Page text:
Local Nurses Demonstrate Dissatisfaction with Working Conditions

On Wednesday, USC-VHH nurses demonstrated in front of the hospital, citing staffing shortages as one of major stresses on personnel.
Photo by Mary O’KEEFE


Registered nurses (RNs) from USC Verdugo Hills Hospital were out in front of the medical facility on Wednesday to bring awareness of what they feel is unfair treatment by the hospital administration.

The nurses stood with signs asking for support and letting the community know they are “essential not expendable.” During the demonstration they received numerous “honks” of approval from passing motorists.

The nurses are part of the California Nurses Association. They are currently in negotiations that were postponed in early 2020 due to the pandemic.

“We [paused] negotiations two years ago in March 2020,” said Suzanne Miller, ICU RN and a member of the bargaining team.

All agreed that their issues, which included hospital staff shortages, would be put on hold as they “did their job and went to work” during COVID-19. But now the issues of recruitment and retention have not only become points of contention between the union and the hospital administration – for the nurses they have become safety issues.

“Nurses put their hearts and souls into [their work],” Miller said. However, she added, there are many nurses who are either leaving the profession, or in many cases leaving VHH, for jobs that are offering more.

“There are some hospitals that offer sign up bonuses,” she said. And many that are offering attractive wages.

But it is not only the wages that are attracting nurses away from USC-VHH; it is the working conditions at the hospital that are apparently turning them away.

“There are a lot of staffing concerns,” said Sandra Ocampo, labor representative. “There is a lot of under-staffing. Nurses leave right when they get here. They are attracted by the name ‘USC’ but when they show up there aren’t any nurses.”

Ocampo added that staffing has become an issue that affects retention.

“Oh, definitely,” agreed Ruby Carpo, an RN working in the Emergency Department/Room. “And it’s not just in the Emergency Room; it is the entire hospital. Our turnover rate is about 40%; that is since I got here in 2018-19. Nurses are not happy.”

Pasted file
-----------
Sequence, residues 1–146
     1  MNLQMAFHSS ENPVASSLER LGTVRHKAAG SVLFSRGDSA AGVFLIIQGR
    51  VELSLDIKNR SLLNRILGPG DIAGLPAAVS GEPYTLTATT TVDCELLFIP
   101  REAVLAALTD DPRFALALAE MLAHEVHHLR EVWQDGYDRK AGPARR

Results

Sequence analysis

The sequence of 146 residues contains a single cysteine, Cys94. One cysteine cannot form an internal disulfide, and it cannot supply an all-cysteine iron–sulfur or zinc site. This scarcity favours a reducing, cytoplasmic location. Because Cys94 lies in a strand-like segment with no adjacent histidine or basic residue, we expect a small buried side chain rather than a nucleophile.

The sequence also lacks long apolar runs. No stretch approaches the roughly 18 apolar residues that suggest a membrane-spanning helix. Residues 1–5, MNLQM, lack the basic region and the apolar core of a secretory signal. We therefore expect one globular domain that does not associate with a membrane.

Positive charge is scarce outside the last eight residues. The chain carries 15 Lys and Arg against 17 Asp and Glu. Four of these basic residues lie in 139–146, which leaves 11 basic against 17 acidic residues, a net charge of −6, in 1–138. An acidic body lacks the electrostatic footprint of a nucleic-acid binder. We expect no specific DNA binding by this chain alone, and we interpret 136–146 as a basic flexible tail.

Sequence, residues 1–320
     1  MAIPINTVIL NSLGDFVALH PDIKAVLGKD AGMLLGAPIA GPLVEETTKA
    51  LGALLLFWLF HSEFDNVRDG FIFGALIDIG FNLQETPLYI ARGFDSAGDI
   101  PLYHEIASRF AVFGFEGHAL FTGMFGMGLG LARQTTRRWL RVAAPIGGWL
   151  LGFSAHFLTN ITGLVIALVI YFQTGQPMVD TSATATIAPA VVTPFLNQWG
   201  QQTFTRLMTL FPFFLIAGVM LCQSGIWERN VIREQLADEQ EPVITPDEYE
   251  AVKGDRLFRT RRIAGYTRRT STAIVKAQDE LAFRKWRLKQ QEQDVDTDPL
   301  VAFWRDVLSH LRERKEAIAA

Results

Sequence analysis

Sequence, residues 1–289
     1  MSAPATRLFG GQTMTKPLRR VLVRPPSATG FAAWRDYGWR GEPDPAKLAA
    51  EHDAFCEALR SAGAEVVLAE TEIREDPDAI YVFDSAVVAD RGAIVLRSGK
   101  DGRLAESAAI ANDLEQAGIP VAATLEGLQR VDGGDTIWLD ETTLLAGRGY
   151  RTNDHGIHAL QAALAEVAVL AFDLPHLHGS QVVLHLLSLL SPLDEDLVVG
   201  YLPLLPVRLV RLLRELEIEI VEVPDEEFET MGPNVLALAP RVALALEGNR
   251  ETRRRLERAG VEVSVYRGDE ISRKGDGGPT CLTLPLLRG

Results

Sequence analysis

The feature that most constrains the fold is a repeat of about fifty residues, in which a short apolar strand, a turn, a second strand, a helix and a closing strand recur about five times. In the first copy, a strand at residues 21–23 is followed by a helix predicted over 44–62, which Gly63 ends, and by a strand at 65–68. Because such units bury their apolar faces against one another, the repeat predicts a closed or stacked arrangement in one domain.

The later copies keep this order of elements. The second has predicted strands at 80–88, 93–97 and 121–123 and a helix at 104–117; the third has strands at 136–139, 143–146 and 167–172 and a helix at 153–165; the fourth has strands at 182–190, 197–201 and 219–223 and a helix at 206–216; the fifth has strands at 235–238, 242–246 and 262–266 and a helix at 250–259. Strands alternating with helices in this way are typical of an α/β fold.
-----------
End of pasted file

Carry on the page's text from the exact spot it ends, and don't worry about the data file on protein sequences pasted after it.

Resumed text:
Regarding the staffing issues, Carpo added that many times the administration asks nurses to work overtime, which she feels is not safe especially during this time of the pandemic.

“It is putting too much on our families, putting our families at risk and putting ourselves at risk. In the last 30 days at least 12 RNs have tested positive [for COVID],” she added. “We are in moral distress.”

That seemed to be the theme of Wednesday’s protest. Those in the medical fields have been tested to their limits during the pandemic. There is emotional and physical stresses like never before and, although everyone for this article said they continue to show up because it is what they are called to do, not having enough nurses has stretched their limits.

“We still show up to work,” Miller added, “but now the [administration] is raising [the cost of] our health premiums. This is not a time to do that.”

The nurses who were out on the sidewalk and in the drive-by caravan were emotional because, as they stated, they feel they are being ignored and disrespected by the administration.

To fill gaps in some areas ER nurses are working in the ICU, or charge nurses are working in the ER. Harris said that she is a nurse so she can work in other departments but when you specialize it is difficult to move from one area to another. She is an ER nurse who recently had two patients in the ICU and one in ER.

“We didn’t have any ICU nurses,” she said.

CVW reached out to USC-VHH administration and received the following statement:

“USC Verdugo Hills Hospital (USC-VHH) was notified of a potential demonstration from the California Nurses Association (CNA), which represents registered nurses at the hospital. This is not a strike. The hospital is fully staffed and the demonstration will not affect patient care.

“USC-VHH has upheld exemplary safety measures throughout the pandemic and maintains high marks across multiple quality and safety measures. The hospital also offers robust employee support services through its Care for the Caregiver program, and employee surveys consistently show high levels of employee satisfaction.

“We respect the right of our CNA members to demonstrate and recognize that they are an essential part of what makes our health care facility among the best in the country. The hospital looks forward to resuming discussions with CNA and is hopeful we can successfully negotiate a new contract.”